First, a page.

Captains Log Supplemental

Codes, Designs, and EPI
Big Boss
Today has been a fairly productive day, despite a heck of a lot of interruptions; to the point in fact, that at least 2 hours of work time was lost to it... Thanks ma!

Most of my mental energy was devoted to refining the interface between epi-add and $EPI_WIZARD, and figuring out how best to document it. My original vision for it was using bidirectional communication between finite state machines running in separate processes (the installer and the wizard). Amid the 21,000 interrupts of the day, I've managed to balance out the problem, and have come up with a more interesting solution; one which vastly simplifies the wizard programming interface and grants more freedom to anyone who wants to write an $EPI_WIZARD, which should be easy as pie.

By contrast, most of my code time was spent working on epi-unpack and prototyping ideas for the previous problem. Other then a few changes that I would like to make, epi-unpack is basically done; I'll probably work on epi-verify next, while the others are reviewing the code for epi-unpack. One thing that distinguishes our Encapsulated Package Installer (EPI) system from PC-BSDs PushButton Installers (PBI; formally PcBsdInstallers), is that PBI is a static monolith from the undocumented garage; ours is knit atop a framework of UNIX programs, with standards and manuals to be shipped along with them ;).

I can not lie, UNIX has effected my philosophies on software design—for the better.

Generally, I don't discuses business or classified projects on my Live Journal as a matter of ethics, but since EPI is now public knowledge, I'm free to blog about it's development. The same can't be said of all things SAS or work related lol. Most likely more things will filter through about EPI, so I've created a `tag` for it. Over 3 years and 1500+ entries, and I have never really gotten into Live Journals tagging feature, but have been contemplating it for the last few weeks.

The only way I can ever find my old entries is through Google or sequential search, nether of which are reliable; so utilizing memories and tags would be a darn good idea by now. The problem of categorizing my thoughts, as always remains a problem :=(+).

Outsmarted again!
I sneezed and Willow took off, as usual lol. After a while I looked and she wasn't back on the bed, our the couch, so I started looking all over for her.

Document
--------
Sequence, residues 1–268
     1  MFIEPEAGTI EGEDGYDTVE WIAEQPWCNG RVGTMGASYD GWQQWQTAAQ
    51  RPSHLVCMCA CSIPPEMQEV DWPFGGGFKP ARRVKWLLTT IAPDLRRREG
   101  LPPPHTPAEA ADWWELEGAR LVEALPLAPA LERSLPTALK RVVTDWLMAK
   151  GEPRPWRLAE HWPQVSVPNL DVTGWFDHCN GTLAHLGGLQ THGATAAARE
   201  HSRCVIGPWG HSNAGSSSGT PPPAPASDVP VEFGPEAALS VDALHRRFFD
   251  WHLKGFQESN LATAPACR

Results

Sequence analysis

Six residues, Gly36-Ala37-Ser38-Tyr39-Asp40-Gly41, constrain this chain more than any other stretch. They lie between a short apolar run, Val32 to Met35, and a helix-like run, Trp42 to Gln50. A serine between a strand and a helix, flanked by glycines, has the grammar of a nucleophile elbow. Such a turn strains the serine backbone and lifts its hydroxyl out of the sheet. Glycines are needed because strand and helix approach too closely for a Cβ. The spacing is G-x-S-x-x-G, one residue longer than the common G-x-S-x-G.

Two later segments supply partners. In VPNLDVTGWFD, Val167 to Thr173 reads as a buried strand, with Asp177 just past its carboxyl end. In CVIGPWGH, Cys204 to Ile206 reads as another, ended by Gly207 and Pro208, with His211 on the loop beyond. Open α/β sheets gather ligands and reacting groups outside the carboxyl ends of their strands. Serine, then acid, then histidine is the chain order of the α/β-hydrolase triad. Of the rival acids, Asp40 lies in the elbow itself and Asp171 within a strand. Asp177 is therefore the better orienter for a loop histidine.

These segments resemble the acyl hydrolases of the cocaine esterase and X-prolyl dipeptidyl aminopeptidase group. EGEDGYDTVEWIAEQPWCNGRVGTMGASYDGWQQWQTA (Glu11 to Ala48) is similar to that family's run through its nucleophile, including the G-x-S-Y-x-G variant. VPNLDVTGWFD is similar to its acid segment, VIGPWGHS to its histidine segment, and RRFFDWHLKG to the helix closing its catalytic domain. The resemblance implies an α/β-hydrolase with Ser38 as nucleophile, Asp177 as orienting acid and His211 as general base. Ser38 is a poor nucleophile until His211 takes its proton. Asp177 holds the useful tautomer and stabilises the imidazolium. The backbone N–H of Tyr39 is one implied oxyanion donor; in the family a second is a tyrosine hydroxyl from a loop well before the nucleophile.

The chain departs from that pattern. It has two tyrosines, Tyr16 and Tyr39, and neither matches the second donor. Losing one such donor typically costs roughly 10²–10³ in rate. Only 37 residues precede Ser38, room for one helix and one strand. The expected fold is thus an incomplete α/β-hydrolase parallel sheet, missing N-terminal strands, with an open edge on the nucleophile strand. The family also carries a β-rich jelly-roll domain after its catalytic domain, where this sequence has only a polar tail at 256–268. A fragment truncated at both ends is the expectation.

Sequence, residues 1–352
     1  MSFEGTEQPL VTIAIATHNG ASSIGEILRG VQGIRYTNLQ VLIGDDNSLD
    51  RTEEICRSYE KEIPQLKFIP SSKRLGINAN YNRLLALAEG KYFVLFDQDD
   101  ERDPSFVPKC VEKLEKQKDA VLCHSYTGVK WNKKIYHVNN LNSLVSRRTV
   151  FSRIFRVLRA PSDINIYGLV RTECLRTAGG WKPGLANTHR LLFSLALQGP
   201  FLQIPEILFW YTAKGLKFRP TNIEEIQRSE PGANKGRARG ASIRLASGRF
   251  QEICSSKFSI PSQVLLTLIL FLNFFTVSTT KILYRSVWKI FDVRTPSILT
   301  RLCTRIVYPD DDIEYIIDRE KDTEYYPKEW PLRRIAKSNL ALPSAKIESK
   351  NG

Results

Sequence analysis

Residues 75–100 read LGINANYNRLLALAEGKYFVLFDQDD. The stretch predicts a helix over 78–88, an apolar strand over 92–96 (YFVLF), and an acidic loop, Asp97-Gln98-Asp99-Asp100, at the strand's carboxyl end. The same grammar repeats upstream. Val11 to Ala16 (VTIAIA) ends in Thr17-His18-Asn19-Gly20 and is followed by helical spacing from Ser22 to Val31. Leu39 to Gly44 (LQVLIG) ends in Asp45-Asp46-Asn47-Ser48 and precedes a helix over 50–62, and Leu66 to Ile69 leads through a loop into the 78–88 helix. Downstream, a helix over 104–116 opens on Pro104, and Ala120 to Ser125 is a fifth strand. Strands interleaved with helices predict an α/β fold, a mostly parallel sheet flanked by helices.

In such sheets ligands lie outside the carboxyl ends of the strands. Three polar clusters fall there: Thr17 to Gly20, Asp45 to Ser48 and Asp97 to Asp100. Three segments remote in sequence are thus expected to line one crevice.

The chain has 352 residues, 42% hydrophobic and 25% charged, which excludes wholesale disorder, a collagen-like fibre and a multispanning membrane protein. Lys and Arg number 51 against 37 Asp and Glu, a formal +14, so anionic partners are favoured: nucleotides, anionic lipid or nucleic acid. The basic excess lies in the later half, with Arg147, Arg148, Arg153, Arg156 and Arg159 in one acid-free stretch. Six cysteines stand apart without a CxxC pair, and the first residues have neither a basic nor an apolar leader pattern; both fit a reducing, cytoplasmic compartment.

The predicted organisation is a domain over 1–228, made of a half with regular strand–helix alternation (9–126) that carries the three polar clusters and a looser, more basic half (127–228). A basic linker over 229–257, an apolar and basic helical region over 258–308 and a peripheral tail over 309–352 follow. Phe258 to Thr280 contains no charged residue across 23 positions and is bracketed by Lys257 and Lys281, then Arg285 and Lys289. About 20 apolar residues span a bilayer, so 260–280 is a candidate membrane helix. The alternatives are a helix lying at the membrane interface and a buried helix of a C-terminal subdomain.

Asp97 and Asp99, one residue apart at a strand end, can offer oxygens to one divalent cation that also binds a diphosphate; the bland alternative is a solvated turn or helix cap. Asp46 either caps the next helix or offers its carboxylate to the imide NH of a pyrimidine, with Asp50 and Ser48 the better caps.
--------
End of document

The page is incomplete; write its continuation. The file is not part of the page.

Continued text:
Checked under the step stool, in ma's bedroom, under the dining room table, in the kitchen, the bathroom, next to the couch, on ma's couch, heck even under the Parakeet! Guess what!!! Willow was under the covers on my bed, and that was the first place I had looked.... even moved the covers! Yet, sure enough when I walked back into the room it was her head looking quizzically at me, as if to say what the heck are you looking for idiot!

Oy vey!

gdesk? Hehe
Soul Calibur
Well, as something that's been on my eventually to get around deciding; I've setup Google Desktop Enterprise Edition on SAL1600.

Earlier during the last reformat, I had opted into trying a newer Windows Desktop Search, yet found it to be just as useless as the old style search technology that had shipped with Windows XP back in 2001 :-(. In point of fact, I would much rather use GNU Find and skip the useless window dressings >_>.

Googles Desktop search, is not what interests me. In fact, nether does Strigi or Beagle - the only search program that would interest me, is a sexy wrapper around GNU Find (or equivalent) that mates it to a easily scriptable plugin system (think customized grepping) that would enable it to be come aware of any program you choose (think searching chats for pidgin, docs in google, news feeds in pan, blah blah) without having to rely upon someone to code it for you—just write a little shell script ;).

So obviously, I'm a power user who learned how to organise file systems very tightly, although I think that will become a mark of the dinosaurs before Windows 11 >_>.

What did attract me to Google Desktop, is the Gadgets system. Right now I have the sidebar up with time and temperature—never turn the TV to the weather channel lol. Since the only use I really have for Windows main panel, is the integrated system tray and clock, I've now set the panel to minimal height. I run much to many programs to be able to use a "Taskbar" without feeling like I'm dancing with a cement kimono!

The sidebar from Google Docks is also displaying Calendar & Mail gadgets making my life easier, plus Talk is docked for extra value. Since my desktop is never free of having a command prompt and web browser open, the Win+G shortcut for the search bar doesn't matter any 8=). Ok, so I'm a whore for tools that speed up my work time instead of increasing it ;).